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Is this burnout?

  • Thread starter DukeofDuke
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I'm a third year undergraduate and I've noticed some very strange shifts in behavior from, say, a year ago. I actually study more than ever now, and my grades are higher. However, I absolutely can't bring myself to care about academics anymore. I never get stressed for exams. Studying and problem sets have become a mechanistic habit when necessary, nothing more. Which wouldn't be so bad except I have no idea where I'm going/ what field of physics I want to work in. I'm starting to worry about my lack of direction combined with my lack of worry, if that makes sense...

Or maybe I'm just finally used to a college workload? I don't know, any advice or perspective? I feel pretty drained of emotion nowadays in all academic contexts (feeling great socially but that's different). I don't care, emotionally, about academics anymore, though I'm aware of their necessity or maybe just habituated to them. But this doesn't feel like a man on a mind crusade anymore. It's like I'm chewing without tasting. Guidance?
 
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Answers and Replies

  • #2
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Or maybe I'm just finally used to a college workload? I don't know, any advice or perspective? I feel pretty drained of emotion nowadays in all academic contexts (feeling great socially but that's different). I don't care, emotionally, about academics before, though I'm aware of their necessity or maybe just habituated to them. But this doesn't feel like a man on a mind crusade anymore. Guidance?
It's pretty common. What is means is different from person to person, and you'll need to figure that out. A university is something of an idea factory and once you've been in the assembly line it's pretty easy to lose the magic.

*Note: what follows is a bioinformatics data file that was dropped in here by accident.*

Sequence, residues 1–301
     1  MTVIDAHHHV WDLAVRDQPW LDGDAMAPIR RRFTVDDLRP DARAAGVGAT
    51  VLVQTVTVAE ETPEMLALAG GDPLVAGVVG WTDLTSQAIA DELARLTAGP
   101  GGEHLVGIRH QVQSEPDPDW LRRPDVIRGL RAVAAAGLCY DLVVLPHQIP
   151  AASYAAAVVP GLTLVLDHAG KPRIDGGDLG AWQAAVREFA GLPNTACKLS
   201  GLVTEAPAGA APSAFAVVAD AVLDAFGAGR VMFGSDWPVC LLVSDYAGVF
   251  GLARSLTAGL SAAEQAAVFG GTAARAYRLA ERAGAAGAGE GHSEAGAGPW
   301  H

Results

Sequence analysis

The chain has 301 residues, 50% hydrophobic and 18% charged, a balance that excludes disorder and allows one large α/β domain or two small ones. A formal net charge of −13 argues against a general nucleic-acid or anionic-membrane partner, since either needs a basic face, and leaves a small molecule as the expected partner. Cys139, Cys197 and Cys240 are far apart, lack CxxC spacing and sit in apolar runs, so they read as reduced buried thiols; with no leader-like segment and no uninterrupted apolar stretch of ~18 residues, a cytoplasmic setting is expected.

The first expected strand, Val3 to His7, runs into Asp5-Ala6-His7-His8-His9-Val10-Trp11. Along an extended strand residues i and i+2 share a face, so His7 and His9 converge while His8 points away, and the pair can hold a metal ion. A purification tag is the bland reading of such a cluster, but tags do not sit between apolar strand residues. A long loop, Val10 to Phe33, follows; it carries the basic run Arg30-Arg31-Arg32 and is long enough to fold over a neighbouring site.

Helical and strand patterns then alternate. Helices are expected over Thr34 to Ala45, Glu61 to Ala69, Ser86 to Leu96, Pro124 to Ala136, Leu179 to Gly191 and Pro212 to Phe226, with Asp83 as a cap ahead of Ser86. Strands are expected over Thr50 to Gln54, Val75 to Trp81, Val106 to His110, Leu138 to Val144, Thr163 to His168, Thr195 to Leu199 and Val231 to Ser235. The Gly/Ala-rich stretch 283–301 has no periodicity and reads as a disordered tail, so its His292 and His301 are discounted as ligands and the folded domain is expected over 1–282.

What helps me when I'm in this sort of situation is to go to a bookstore or library and then find something intellectually interesting that helps me "recapture the feeling of wonder." Wander around, pick up a book at total random and then read it. Used book shops are really useful for this, and better yet are the book sellers in Greenwich Village.

The other thing that helps me is that in the rare moments when I do feel that I've learned something cool and I'm in a good mood, I take a mental snapshot and remember what I feel at that exact moment, so that I can have something to remember in the moments when everything goes pear-shaped. Reading and writing poetry helps with that sort of thing.
 
  • #3
Choppy
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Sometimes what happens is that you get very bogged down with the workload. You spend nearly all of your time chugging through problem sets and that leaves no time for personal inquiry such as independent reading and personal projects (or, if you still pursue such things, they cut into other personal time).

It's no wonder a lot of people lose the passion at this stage of the game. And when you think about it, those that slog through have a more difficult time later on when in graduate school or beyond they have to perform a certain amount of independent inquiry.

If you think this might be the case with you my advice would be to make sure that you take some independent time to 'play' with the physics. Read some review articles that have nothing to do with stuff you're covering in class, or meet up with some other undergrads and start some debates, or try to figure out how some science-fiction type technology might work in reality.
 

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